iPhone SE (2022) vs iPhone SE (2020): all the differences
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Table of Contents:
Audio | Battery Life | Final Verdict
The third generation iPhone SE (2022 edition) and the second-generation SE (2020 edition) look so similar that it's hard to tell them apart, even for a seasoned phone vet.
Both have that classic "iPhone with a button" look, and this has its benefits: the phones are very compact and lightweight. But then what's new and different on the third generation SE? There is not a huge list of changes, but you do get a newer processor, 5G connectivity, better camera, and a few other improvements.
Is this enough for users to upgrade from the second generation iPhone SE (or from an even older model like the iPhone 7/8, etc)?
Let's take a closer look.
iPhone SE (2022) vs iPhone SE (2020) differences in a nutshell:
- A15 chip vs A13 chip
- More durable glass on 2022 model
- Improved image quality
- Improved video quality, especially in low light
- 5G connectivity
- Slightly longer battery life
- $30 higher starting price on newer model
iPhone SE (2022) pros and cons
iPhone SE (2020) pros and cons
Design and Display Quality
Old rather than gold
Being traditional and classic are often considered good things, but it's really about the choice of words. Being "Classic" sounds cool, but being "old" is not something you usually want to hear.
Yet, time has taken its toll and it's a situation where we have a bit of both here, the "classic" and the "old".
First, just look at those bezels and that small screen! That definitely looks out of place on a phone launched in 2022, be it even a budget model.
The difference in build quality is hard to spot unless you look at the spec sheet: the newer SE (2022) features a newer and more durable glass, so hopefully it won't shatter the first time you drop it. The colors are also similar, the black and Product RED seem downright the same, but you no longer have a "white" model, and instead a slightly muddier "starlight" shade of white.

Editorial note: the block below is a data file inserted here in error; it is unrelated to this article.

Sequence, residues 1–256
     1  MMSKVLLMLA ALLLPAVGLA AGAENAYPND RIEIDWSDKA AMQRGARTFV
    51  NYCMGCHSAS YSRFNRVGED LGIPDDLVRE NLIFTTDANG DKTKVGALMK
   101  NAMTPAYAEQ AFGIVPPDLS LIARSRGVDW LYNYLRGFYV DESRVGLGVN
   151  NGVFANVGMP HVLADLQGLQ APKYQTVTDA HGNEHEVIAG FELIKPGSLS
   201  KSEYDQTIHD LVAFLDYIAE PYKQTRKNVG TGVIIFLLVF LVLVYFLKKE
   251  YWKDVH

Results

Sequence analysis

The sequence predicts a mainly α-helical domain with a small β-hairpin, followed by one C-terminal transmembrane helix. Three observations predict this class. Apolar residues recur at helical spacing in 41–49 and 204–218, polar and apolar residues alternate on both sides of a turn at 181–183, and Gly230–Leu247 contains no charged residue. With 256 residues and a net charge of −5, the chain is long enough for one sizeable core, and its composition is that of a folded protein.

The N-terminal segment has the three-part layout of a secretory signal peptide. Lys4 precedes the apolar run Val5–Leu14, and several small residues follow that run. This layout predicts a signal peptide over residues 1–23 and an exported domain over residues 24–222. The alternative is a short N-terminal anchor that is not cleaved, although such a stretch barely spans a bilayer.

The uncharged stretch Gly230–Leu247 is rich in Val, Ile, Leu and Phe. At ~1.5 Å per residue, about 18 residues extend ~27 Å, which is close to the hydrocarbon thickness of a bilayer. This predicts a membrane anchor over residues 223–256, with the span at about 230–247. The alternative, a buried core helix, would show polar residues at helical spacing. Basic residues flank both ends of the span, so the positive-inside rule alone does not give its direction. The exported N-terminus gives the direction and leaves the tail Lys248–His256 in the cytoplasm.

The physical dimensions of these two are exactly the same, but the weight is a tiny bit different: 148g on the older model vs 144g on the newer one.
Our biggest concern, however, is the screen. 4.7 inches, LCD, 750p resolution on both, with the tired "Retina" label on it. This is definitely an "old" kind of situation rather than a "classic". This screen is just a bit too tiny for people who actually do stuff on their phones. And, it's LCD, the older screen tech, where colors appear bleaker than OLED, and they are just not as vibrant and enticing. No HDR support on either phone. Yes, we expect a lot more out of even a budget phone's screen these days.
No difference in the biometrics either, but that might be for the better: the Touch ID fingerprint scanner here is fast and accurate on both phones. And it doesn't care whether you have a mask on or not, it works just fine both ways.
Performance and Software
The A15 is faster, yes, but it might be more about future-proofing and new features
So you probably remember that the iPhone SE (2020) kind of shook the budget smartphone market two years ago with the combination of a budget price and a flagship processor. That was new and shocking then. These days we have grown accustomed to this and it was almost expected for the SE (2022), yet it's impressive nonetheless.
At the same time, many people will point out that having the latest and fastest processor is now what really matters as phones have already grown fast enough. And we see that argument: after all, most basic tasks will run just as good on the 2022 model as they do on the 2020 model.
So while the A15 chip is no joke, it's as much about speed as it is about future proofing and ensuring a long update cycle on the new SE.
In terms of software updates, that's where the 2022 model has the upper hand: the SE (2020) will eventually get dropped in probably 2-3 years, while the newer version will stay relevant for probably 5 years to come. That's a big argument that should not be overlooked, especially if you stick with phones longer.
On the connectivity front, both models have 4G LTE, but the SE (2022) also brings 5G power. Admittedly, without the fancy mmWave magic for urban areas, but you probably shouldn't be too upset as coverage is scarce on that. It does have sub6 type of 5G that will keep you covered in far more places.
One thing missing on both SE versions is UWB, or ultra-wide band, something useful for faster AirDrop functioning.
One camera, but it's a doozy
If you harbored high hopes the newer SE would bring more cameras, well, it doesn't.